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Water glasses experiment theory.

  1. Aug 8, 2011 #1
    I had to come up with a relatively simple physics experiment for an investigation and chose to do a water glass experiment, to make music or at least sound with a wine glass.

    I know that when the vibration of the air inside the glass matches the resonant frequency of the glass it produces sound and that adding water changes the resonance of each glass.

    We were able to record the maximum dB that each water level sounded and also what we could only assume was the fundamental frequency (using the only available equipment an app for an iPad)

    What I'm not sure about is what we can use this information for to help prove the first statement.
    Would doing a calculation to find sound level work?
    SL =10log I/I0
    If it could be used how can we relate the sound level found back to the vibrations of the air and resonant frequency of the glass?


    (Hope this is in the right place, It is a homework assignment)
    1. The problem statement, all variables and given/known data



    2. Relevant equations



    3. The attempt at a solution
     
  2. jcsd
  3. Aug 8, 2011 #2

    PeterO

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    Homework Helper

    Are you planning to have the "air column" inside the glass demonstrate resonance or are you going to rub a damp finger around the rim of the glass and have the actual glass resonate.

    The resonating glass will be at a very high frequency.
     
  4. Aug 15, 2011 #3
    I was planing to run my finger around the top...
    We worked out how to use the equipment available and were able to record the frequency of 6 different glasses with no, 200ml, and for those big enough 300 and 400ml.
    The frequency's obliviously changed when we changed the water level. We were going to relate this to resonance and air columns. Will we be able to do that or is there something else we can relate it to that will work better?
     
  5. Aug 15, 2011 #4
    The affect of the shape and height of the air in the glass is negligible in this case. The frequency produced will be almost exclusively defined by the shape and size of glass and water. This is because you are adding energy to the glass first, and the coupling between glass and water is very high (because they have similar density and lots of surface area in contact) but the coupling to air is very low and the little sound energy imparted on the air quickly escapes out the top.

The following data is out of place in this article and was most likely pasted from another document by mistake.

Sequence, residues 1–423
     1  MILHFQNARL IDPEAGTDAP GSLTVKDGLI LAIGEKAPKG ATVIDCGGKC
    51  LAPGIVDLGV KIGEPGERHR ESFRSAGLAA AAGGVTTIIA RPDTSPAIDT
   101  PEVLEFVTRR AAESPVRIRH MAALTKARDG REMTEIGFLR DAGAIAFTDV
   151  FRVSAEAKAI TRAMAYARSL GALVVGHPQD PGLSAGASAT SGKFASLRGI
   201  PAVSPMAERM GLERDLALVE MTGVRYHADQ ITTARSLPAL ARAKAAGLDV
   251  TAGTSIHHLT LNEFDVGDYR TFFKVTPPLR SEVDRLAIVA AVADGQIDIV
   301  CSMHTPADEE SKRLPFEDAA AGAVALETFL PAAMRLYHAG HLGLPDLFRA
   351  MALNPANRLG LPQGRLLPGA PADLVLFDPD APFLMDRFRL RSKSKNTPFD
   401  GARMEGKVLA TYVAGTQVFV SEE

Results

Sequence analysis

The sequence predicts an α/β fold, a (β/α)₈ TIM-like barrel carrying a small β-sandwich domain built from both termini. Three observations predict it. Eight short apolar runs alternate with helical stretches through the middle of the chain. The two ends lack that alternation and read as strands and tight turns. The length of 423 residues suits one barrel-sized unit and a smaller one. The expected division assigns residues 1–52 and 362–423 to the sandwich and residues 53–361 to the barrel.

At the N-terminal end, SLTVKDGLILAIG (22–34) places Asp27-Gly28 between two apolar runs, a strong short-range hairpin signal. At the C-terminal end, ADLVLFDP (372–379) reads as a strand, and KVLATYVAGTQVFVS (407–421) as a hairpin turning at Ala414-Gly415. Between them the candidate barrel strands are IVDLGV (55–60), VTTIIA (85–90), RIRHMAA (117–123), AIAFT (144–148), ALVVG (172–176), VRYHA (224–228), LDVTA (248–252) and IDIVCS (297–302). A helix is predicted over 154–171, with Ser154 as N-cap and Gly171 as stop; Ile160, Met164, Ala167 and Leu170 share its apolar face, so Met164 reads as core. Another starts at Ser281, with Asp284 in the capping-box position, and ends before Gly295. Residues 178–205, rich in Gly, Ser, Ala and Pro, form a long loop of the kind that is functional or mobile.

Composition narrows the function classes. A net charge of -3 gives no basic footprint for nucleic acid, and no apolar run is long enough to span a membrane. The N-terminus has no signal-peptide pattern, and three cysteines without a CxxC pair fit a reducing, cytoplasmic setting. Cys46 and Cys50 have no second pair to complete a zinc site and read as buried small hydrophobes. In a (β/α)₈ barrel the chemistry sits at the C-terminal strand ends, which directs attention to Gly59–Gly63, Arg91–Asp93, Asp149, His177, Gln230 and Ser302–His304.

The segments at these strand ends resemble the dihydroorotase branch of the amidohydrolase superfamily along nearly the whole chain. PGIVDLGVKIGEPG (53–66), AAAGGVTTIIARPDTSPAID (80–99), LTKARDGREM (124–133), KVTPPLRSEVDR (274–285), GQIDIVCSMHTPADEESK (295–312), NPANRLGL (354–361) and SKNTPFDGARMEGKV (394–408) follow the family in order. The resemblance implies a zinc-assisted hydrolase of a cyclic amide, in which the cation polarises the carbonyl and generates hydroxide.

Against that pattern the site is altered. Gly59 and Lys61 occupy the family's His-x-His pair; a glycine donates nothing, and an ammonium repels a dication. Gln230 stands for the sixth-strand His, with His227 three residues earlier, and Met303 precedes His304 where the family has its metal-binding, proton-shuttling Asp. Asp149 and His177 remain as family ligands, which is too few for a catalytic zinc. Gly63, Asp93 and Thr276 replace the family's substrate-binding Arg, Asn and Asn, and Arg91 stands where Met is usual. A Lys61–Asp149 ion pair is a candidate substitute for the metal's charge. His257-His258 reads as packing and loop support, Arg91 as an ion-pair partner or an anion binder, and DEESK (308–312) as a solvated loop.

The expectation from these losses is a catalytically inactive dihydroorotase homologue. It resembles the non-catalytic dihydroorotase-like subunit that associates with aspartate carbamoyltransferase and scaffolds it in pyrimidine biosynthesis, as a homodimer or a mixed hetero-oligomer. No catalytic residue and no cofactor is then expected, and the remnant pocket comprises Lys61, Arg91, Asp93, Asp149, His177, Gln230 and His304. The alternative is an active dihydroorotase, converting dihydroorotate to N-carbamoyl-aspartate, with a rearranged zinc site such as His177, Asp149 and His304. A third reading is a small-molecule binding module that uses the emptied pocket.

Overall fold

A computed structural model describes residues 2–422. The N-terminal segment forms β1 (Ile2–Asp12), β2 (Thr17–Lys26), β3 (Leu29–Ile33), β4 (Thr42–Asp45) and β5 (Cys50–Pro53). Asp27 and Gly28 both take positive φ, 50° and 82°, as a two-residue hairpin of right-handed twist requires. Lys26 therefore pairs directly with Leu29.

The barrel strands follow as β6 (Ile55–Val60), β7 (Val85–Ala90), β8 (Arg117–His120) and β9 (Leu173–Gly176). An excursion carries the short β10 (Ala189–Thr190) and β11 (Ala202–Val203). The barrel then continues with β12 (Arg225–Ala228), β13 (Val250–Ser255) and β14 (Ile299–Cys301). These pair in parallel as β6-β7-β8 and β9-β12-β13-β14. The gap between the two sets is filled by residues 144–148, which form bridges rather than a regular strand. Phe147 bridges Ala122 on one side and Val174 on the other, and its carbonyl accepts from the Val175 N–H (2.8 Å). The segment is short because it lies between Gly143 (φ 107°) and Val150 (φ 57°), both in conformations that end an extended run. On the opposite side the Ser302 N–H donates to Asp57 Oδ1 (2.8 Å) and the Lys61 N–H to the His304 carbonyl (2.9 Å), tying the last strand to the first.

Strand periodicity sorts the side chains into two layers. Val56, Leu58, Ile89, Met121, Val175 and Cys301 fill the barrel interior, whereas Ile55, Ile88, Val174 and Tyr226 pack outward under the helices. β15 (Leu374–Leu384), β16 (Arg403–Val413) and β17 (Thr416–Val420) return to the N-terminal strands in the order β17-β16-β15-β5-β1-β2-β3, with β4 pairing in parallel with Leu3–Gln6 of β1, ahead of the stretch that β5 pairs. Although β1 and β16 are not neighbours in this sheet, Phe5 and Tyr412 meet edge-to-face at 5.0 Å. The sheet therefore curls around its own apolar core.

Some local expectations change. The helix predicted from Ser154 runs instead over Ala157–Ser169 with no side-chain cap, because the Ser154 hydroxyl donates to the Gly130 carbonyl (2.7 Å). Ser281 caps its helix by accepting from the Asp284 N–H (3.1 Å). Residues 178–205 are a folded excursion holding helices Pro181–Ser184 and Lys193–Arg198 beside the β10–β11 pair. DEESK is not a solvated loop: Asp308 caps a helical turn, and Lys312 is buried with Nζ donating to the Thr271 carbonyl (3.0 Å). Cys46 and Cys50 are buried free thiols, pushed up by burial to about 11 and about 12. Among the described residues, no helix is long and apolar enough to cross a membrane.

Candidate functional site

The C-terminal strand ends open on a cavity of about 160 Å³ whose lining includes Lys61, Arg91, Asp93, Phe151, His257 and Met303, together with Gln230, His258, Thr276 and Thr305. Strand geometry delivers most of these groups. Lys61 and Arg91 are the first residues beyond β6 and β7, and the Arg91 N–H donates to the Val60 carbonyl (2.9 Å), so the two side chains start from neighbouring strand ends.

EDIT: assuming reasonably-shaped glasses. if they are very tall and thin, and the mass of the glass and water are relatively low, then the air shape will have more effect.
     
    Last edited: Aug 15, 2011
  6. Aug 16, 2011 #5
    So I would be safe to assume (hypothesis wise) that an increase in the water level in each glass would decrease the frequency recorded for that glass?
    Though I did find that the frequency only decreased when the glasses were about 3/4's full and anything before that did not affect the frequency readings we were getting. Is there a simple explanation for this or it it just that the equipment we had didn't register the change.
     
  7. Aug 16, 2011 #6

    jambaugh

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    A comment on your premise:
    "when the vibration of the air inside the glass matches the resonant frequency of the glass it produces sound ..."
    Note that by virtue of the vibration of the air there is already "sound". You should be more precise and that should lead you to answer some of your questions. At resonance the amplitude of the sound peaks... so you should show this peak when you vibrate the air externally at different frequencies relative to the resonant frequency of the glass. Can you do that with the equipment at hand?
     
  8. Aug 16, 2011 #7

    PeterO

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    There would be an opportunity to test the part the air is taking here.
    Set a glass "singing" then introduce carbon dioxide. this will eventually displace all the air.
    since Carbon dioxide is more dense than air, there should be a noticeable change to the frequency.
    If there is no change, the frequencies produced have nothing to do with the air in the glass, but the glass itself.

    Perhaps use a strobe light to look at the glass to see if it is changing shape / vibrating. When a trumpet sounds, it is the air column in the instrument that is in resonance, not the metal instrument itself.
     
  9. Aug 16, 2011 #8
    I'm not 100% sure what I must/should change to be able to show these peaks.

    I am very limited to what my school or I can provide for this experiment (we are only a young small school) so many modifications like the CO2 wouldn't be possible but I will most defiantly research into it as much as I can without actually being able to do the extra part.
    because of these limitations I would be much better off changing what I am discussing to fit the experiment I have done rather then the other way around.

    In my head these two statements "The affect of the shape and height of the air in the glass is negligible in this case." or "the air column in the instrument that is in resonance" kinder contradict each other.... I was initially focusing more on air columns as that's what i believed I should be doing.... but if i follow the first statement I should be focusing on the glass itself?
     
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